Five Things To Know Before Coming To Sundance
PARK CITY, Jan 17 Ryan Fleck and Anna Boden’s feature HALF NELSON was screened at the Sundance Film Festival. Picked up by Think Films, HALF NELSON has proved to be a critical break though in 2006. In addition to being nominated by for a number of awards, the film won the Best film, and Ryan Fleck was present the “Breakthrough Director Award,” at this year’s Gotham Awards [www.ifp.org]. Ryan and Anna offer their remembrances, and suggestions, for attending Sundance.
1. Bring Postcards. If you have a film at the fest bring postcards advertising your film with screening times, dates, and locations. Our first time at Sundance was with a short film (STRUGGLE, 2003). We noticed all these filmmakers handing out postcards for their films, but we didn’t have any. So we spent our first night in the hotel room scribbling our screening times on the back of our free Vistaprint business cards. It wasn’t fun, and we were mocked on several occasions. Get postcards made before you get there. They are cheap and easy to get through online printing shops like 4over4.com [www.4over4.com].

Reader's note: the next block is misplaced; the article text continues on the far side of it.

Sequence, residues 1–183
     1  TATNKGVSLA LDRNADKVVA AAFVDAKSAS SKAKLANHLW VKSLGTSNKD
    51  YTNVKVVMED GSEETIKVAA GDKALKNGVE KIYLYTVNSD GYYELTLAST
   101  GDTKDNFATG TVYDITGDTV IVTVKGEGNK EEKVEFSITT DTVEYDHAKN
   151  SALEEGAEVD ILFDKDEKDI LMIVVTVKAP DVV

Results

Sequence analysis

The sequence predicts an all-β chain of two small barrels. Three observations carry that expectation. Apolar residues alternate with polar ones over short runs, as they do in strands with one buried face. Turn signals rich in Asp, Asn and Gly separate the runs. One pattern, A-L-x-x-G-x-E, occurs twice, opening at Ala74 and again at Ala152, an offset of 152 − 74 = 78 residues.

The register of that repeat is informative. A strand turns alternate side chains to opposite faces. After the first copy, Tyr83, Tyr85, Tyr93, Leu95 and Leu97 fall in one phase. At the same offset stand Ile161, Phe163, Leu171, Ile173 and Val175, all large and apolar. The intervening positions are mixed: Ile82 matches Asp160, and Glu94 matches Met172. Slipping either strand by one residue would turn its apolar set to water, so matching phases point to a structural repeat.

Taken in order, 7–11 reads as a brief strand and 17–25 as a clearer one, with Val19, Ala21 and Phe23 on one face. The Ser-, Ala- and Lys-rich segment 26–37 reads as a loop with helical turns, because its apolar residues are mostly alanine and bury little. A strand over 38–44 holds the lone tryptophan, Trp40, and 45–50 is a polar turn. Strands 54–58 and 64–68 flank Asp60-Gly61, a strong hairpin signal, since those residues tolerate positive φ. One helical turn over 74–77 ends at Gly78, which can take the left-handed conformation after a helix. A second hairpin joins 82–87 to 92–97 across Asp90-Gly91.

2. Bring friends. Despite all the people and parties, Sundance can be a very lonely place if you don’t know anybody. Get your cast, crew, and friends together and throw your own party in the street if necessary.
3. Make friends. If you can’t bring them, make them. There are filmmakers, actors, producers, agents, journalists, and film lovers everywhere in Park City. Just get on the shuttle and say hello to somebody. This is a good way to find DPs and composers. If you aren’t a “go up to a stranger on the bus” type (we’re not either, actually) and you have a film in the festival, a good place to make friends is at the filmmaker cocktails and brunches. (Don’t miss the director’s brunch that Redford hosts.) These events are great places to meet other shy, awkward people in a low-stress environment.
4. See movies. Yes, it’s hard to get into screenings, but the waitlist usually works, especially for late shows and short film programs, which are rarely full. If you have a film there, the festival gives you 10 tickets to other people’s films. Use them. And go see films made by your new friends (see #3) – it will mean a lot to them.
5. Stay away from Tao (formerly Harry O’s). It’s a ridiculous scene with overly protective bouncers and endless door lists that won’t have your name on them. A surefire way to ruin your night. Unless of course one of your favorite bands (like Broken Social Scene, for instance) happens to be playing there. Then you can make an exception.
Senior Editor, Filmmaker Magazine